Lemongrass (Cymbopogon citratus) is a tropical grass that grows in dense clumps up to six feet high and equally as wide. Though it flourishes in tropical climates, lemongrass is cultivated in abundance in California. The sharp straplike leaves are about an inch wide and droop gracefully. The evergreen leaves are bright bluish-green and release a citrus aroma when crushed it is the leaves that are used to extract lemongrass oil for medicine and perfumery. The lemony aroma from lemongrass comes from citral, an antibacterial, antiseptic and antiviral essential oil; it is used to relieve stress, soothe aches and pains, as an insect repellent and deodorizer, and to treat disorders of the digestive tract. Small lemongrass plants can occasionally be found in the herb section of our local nurseries; though they often come in small two-inch pots, under ideal conditions the plant's clumping habit will quickly propagate sufficient stalks for your Thai recipes.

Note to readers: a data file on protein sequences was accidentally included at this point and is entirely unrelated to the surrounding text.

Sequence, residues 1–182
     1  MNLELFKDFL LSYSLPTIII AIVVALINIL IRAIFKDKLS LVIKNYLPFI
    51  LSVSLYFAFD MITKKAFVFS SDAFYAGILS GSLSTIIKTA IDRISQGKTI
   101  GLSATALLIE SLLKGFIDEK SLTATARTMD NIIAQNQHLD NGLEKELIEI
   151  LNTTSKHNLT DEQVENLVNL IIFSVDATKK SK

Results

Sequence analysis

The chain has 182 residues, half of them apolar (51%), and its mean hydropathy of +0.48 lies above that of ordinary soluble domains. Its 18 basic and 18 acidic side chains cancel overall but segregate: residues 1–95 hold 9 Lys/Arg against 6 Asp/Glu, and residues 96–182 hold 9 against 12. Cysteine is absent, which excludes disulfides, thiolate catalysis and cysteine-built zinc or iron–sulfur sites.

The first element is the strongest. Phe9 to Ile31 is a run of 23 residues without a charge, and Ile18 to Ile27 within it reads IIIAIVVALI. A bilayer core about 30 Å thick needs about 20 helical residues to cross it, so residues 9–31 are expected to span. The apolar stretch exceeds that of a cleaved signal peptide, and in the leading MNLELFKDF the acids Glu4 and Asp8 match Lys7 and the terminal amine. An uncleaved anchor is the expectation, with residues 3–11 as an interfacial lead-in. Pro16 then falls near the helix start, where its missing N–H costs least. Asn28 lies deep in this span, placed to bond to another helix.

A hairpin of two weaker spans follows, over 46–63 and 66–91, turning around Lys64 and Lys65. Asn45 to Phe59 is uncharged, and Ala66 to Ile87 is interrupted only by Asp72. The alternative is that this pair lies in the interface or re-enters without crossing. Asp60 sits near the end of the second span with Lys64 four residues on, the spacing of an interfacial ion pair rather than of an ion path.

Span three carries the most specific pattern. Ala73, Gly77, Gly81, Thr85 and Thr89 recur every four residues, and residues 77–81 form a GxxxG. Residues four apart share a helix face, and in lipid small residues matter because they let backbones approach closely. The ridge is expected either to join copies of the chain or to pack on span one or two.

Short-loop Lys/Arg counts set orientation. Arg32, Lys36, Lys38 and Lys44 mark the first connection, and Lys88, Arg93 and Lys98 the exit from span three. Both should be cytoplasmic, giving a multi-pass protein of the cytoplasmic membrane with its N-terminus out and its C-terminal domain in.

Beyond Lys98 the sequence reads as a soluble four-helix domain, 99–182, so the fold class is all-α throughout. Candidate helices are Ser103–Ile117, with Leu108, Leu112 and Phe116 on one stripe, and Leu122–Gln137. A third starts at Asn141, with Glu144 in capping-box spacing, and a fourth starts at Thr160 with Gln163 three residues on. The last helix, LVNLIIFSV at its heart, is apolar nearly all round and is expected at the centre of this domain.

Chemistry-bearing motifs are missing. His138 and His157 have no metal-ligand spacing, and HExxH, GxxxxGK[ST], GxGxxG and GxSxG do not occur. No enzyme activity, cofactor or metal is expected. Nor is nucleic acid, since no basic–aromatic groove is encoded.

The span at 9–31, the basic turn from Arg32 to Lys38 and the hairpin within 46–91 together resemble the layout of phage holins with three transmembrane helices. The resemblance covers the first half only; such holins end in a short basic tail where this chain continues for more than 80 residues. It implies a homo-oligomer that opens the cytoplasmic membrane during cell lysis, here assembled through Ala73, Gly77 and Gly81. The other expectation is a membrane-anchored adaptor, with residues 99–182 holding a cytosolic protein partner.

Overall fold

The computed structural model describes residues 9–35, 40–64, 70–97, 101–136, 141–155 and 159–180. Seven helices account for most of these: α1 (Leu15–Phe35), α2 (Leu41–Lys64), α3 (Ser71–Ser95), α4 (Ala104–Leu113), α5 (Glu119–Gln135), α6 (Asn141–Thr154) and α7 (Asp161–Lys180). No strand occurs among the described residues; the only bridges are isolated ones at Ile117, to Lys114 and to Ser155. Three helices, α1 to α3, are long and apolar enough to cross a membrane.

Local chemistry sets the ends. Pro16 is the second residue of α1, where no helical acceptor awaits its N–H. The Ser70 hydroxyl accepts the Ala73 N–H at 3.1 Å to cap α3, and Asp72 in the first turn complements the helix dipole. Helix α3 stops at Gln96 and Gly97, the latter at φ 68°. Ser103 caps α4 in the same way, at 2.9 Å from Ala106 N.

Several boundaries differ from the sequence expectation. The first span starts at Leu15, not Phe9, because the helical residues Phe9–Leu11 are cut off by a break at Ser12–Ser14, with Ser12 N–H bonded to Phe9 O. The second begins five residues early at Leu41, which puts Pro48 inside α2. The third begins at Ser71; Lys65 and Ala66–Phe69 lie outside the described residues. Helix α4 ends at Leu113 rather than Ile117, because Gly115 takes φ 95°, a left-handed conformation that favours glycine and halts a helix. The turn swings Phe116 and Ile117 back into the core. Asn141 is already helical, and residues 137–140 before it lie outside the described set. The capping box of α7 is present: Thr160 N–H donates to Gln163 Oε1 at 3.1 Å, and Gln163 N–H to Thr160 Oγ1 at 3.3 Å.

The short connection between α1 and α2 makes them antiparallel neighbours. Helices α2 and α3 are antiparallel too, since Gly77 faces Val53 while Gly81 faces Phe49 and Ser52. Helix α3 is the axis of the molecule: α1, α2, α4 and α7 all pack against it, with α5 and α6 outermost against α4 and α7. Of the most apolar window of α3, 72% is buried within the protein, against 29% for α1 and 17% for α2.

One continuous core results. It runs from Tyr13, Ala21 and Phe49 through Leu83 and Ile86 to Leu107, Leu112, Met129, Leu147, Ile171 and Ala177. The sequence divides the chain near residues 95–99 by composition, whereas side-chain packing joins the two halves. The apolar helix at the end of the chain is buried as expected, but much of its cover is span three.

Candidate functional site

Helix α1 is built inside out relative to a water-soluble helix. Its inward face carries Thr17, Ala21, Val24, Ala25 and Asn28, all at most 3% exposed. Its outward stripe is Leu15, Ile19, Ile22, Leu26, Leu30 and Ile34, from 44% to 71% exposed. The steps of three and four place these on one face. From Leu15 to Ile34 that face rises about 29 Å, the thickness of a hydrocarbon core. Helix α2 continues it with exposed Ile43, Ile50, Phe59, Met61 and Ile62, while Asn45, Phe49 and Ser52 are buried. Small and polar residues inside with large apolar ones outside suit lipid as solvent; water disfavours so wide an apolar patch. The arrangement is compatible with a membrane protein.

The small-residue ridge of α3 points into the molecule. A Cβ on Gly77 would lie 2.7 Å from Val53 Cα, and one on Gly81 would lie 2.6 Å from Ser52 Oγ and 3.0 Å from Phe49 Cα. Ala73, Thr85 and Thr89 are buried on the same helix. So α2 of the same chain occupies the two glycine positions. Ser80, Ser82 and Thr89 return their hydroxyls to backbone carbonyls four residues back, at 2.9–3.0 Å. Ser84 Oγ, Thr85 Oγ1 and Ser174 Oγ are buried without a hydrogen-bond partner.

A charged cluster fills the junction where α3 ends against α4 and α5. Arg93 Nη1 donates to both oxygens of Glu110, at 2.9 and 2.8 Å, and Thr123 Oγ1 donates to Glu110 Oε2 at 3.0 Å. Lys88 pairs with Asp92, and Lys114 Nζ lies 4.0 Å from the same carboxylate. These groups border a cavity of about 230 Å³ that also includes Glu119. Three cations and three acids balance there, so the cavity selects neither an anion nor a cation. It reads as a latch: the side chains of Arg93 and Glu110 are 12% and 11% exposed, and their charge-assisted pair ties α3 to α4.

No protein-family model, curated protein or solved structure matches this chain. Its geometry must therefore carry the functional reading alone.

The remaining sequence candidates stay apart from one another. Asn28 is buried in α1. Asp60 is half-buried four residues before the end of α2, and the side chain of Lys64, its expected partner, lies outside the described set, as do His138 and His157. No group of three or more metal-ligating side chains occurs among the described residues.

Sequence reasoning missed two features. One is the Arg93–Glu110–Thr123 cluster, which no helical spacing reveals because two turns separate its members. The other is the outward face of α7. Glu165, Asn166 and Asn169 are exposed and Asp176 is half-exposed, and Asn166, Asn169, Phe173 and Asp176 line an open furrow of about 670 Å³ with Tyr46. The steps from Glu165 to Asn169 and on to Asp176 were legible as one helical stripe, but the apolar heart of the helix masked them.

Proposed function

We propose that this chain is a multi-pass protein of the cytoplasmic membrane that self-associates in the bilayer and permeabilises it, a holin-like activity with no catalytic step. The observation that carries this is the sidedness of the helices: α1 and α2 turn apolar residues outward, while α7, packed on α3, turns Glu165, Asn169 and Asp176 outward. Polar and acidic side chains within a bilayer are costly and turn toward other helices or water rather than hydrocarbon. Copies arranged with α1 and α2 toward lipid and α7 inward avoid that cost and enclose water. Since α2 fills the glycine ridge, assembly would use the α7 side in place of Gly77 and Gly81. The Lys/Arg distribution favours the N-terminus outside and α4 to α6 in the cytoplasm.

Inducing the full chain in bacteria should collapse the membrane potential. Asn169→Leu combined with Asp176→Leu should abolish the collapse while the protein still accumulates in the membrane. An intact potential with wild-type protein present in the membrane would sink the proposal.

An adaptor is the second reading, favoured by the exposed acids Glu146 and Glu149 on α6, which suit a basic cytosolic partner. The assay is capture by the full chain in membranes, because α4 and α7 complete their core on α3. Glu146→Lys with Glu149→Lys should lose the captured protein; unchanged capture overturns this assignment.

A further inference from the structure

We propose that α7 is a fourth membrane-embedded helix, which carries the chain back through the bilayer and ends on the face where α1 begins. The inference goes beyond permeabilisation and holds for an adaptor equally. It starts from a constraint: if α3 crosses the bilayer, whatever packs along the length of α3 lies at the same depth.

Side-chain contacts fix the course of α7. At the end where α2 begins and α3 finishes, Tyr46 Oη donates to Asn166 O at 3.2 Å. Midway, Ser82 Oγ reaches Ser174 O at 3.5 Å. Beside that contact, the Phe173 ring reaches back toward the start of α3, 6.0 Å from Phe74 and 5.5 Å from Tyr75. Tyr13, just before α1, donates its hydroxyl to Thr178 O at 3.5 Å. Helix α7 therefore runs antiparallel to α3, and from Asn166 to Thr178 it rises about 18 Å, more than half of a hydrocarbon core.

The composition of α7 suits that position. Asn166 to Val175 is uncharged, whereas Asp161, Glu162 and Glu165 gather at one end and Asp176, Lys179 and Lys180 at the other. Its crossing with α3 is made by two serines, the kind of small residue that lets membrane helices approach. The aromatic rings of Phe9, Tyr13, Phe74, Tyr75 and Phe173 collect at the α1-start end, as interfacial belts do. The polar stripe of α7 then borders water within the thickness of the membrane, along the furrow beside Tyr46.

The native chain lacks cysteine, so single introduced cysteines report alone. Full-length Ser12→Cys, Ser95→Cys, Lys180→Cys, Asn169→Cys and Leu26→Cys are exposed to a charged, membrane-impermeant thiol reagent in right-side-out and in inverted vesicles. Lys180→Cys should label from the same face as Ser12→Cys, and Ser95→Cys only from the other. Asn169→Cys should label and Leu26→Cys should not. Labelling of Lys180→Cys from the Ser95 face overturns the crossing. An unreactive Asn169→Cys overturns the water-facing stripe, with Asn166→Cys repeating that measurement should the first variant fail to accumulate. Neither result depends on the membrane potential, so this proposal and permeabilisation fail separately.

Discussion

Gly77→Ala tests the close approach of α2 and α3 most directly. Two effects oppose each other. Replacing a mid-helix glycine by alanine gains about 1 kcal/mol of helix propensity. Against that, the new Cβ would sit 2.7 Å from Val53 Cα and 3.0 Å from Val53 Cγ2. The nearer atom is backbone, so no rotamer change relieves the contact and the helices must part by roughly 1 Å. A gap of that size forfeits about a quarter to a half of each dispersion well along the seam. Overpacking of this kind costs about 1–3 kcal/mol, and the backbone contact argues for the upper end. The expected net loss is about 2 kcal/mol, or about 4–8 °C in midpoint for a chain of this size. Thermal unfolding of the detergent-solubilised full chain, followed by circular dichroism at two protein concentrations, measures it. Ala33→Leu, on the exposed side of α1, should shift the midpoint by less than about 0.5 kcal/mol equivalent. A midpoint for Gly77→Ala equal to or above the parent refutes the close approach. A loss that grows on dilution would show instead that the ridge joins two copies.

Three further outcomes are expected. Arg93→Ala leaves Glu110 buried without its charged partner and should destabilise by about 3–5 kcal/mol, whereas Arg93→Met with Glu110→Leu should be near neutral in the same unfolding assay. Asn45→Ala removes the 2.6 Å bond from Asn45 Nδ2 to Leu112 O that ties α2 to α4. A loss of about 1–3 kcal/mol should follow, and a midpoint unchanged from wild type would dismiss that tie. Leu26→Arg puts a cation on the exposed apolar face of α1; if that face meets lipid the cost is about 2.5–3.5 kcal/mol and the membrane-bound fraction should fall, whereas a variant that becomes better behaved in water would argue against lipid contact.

Lemongrass is in the grass family (Poaceae) and is native to India and the nearby island of Sri Lanka. In Davis' subtropical climate, plants can be grown outdoors year 'round in areas of bright light, though they may scorch in full unprotected sun. Lemongrass prefers fertile loamy soil, but is tolerant of other soil types given sufficient moisture... this plant is somewhat drought intolerant, especially when planted in pots. Lemongrass is a tender perennial that suffers leaf damage from frost and will die back to the roots in a hard freeze. Propagate this plant by division in spring and summer. To harvest your lemongrass, dig up a clump, separate the sections, and either replant what you don't need or share it with a friend. Most Thai recipes use the light colored stalk base, but the leaves can be used for a variety of other recipes or as an air freshener; stalks can be frozen until ready for use.